Thursday of the Third Week of Easter
Father Daniel Ray, LC
John 6: 44-51
Jesus said to the crowds: “No one can come to me unless the Father who sent me draw him, and I will raise him on the last day. It is written in the prophets: They shall all be taught by God. Everyone who listens to my Father and learns from him comes to me. Not that anyone has seen the Father except the one who is from God; he has seen the Father. Amen, amen, I say to you, whoever believes has eternal life. I am the bread of life. Your ancestors ate the manna in the desert, but they died; this is the bread that comes down from heaven so that one may eat it and not die. I am the living bread that came down from heaven; whoever eats this bread will live forever; and the bread that I will give is my Flesh for the life of the world.”
Introductory Prayer: Lord, I believe that you are present here and now as I turn to you in prayer. I trust and have confidence in your desire to give me every grace I need to receive today. Thank you for your love, thank you for your immense generosity toward me. I give you my life and my love in return.
Petition: Lord Jesus, help me value more the gift of yourself in the Eucharist.
1. A Gift from the Loving Father: The Father is the one who sent him and who will draw souls to him. “No one can come to me unless the Father draw him.” So, those individuals who heard Christ’s words and were drawn to him that day were doing so because of a gift of faith from the Father. If we today have faith in Christ, it also is a gift from the Father, who wants to draw us to his Son. If we have doubts or weakness in faith, we should ask the Father to draw us nearer to his Son and to help us believe with our whole heart and mind.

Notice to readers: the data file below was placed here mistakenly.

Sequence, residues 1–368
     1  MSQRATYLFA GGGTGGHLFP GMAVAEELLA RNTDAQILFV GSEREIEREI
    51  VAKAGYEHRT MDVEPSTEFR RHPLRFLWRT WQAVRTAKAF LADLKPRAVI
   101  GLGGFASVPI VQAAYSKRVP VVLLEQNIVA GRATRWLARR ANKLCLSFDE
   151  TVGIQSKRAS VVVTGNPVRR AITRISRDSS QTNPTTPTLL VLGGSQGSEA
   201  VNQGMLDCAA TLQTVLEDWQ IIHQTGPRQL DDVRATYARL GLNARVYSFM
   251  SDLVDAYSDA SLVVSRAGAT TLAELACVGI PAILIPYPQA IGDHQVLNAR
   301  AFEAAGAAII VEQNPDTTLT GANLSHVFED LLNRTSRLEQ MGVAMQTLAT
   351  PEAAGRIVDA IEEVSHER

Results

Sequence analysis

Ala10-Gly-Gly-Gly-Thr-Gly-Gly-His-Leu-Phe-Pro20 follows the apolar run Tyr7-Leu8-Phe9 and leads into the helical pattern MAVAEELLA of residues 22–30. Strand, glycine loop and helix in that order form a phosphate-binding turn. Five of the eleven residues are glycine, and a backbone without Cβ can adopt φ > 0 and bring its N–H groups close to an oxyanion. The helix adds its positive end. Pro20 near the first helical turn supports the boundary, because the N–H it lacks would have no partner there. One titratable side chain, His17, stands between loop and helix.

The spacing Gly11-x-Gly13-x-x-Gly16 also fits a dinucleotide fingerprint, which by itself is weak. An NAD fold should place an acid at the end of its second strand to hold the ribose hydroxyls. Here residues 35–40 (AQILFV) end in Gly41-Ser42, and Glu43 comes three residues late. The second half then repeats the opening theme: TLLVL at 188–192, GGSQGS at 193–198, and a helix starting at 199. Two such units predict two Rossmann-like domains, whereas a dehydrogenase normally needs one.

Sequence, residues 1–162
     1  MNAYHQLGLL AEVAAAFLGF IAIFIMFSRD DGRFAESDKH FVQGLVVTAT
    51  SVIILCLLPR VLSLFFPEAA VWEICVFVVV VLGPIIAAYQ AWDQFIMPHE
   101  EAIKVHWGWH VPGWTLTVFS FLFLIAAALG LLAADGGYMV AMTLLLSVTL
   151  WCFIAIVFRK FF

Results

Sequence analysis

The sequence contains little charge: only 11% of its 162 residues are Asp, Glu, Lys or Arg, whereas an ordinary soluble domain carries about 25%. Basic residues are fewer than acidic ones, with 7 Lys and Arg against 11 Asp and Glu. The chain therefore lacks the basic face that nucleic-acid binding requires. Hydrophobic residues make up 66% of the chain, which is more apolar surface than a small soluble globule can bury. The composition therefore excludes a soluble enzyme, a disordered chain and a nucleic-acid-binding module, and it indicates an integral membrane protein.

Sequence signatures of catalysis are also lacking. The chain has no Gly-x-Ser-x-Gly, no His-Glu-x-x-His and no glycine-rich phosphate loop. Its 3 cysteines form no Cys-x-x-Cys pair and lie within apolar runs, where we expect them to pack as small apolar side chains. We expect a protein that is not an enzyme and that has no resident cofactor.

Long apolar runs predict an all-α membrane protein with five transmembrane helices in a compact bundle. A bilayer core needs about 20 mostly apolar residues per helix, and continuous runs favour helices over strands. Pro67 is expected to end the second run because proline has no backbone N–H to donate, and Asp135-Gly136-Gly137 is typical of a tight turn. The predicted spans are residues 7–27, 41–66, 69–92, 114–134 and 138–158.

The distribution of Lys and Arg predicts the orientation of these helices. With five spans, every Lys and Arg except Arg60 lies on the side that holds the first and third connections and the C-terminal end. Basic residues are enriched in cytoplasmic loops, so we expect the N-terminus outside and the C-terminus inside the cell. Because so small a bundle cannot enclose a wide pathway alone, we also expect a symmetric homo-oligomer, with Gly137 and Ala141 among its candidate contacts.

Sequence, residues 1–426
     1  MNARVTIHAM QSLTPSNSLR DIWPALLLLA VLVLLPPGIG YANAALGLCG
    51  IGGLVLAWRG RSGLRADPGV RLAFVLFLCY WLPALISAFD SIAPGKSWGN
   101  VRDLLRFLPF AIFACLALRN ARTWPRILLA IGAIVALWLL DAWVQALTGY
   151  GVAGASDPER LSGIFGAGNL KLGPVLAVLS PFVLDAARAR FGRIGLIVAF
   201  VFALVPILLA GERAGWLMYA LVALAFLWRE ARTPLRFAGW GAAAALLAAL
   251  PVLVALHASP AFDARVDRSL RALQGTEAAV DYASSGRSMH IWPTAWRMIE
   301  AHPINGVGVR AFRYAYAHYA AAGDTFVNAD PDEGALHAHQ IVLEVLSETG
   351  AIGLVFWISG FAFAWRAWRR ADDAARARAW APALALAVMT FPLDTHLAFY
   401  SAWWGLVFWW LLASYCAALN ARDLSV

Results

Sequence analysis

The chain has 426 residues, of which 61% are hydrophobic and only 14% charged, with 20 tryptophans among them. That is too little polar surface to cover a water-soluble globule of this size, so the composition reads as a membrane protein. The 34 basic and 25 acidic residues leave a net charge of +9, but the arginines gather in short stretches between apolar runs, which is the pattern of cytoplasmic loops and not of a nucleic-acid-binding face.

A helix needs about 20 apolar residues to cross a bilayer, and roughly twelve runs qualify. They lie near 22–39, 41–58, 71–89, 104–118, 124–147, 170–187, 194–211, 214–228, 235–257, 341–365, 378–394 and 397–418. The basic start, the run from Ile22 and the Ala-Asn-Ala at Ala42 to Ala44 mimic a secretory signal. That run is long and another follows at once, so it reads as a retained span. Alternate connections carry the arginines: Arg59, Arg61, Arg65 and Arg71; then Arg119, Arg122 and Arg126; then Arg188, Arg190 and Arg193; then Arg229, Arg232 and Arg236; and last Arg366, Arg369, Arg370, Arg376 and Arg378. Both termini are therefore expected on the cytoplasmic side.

2. The Word Was Made Flesh: Christ’s birth took place in the town of Bethlehem, which in Hebrew (bêth-lehem), means “house of bread.” He was also laid in a manger, where food for animals would normally be placed. Before becoming bread, which would be our food, Christ first became man. Merely giving us some specially blessed bread would not be nearly as significant as giving himself. That is how God always loves: by giving himself completely and without reserve.
3. His Flesh Was Made Bread: The Gospel accounts of Christ multiplying the loaves report he did so out of compassion for the crowd: “I have compassion for the crowd, because they have been with me now for three days and have nothing to eat; and I do not want to send them away hungry, for they might faint on the way” (Matthew 15:32). This same compassion moves him to give himself as our bread in the Eucharist. He does not want us to die for lack of spiritual nourishment. Christ—in the greatest gesture of humility—became man like us, the same in every way except sin. But in an even greater gesture of humility, he descended further still to become our spiritual food.
Conversation with Christ: Lord Jesus, how can I not trust in you? You have already become human just like me. Then you descend to an even humbler state of service to become food for my soul. Help me to receive you in the Eucharist with gratitude, fully aware of your loving presence.
Resolution: I will start preparing my heart today to attend Mass this Sunday and receive Christ lovingly in Communion.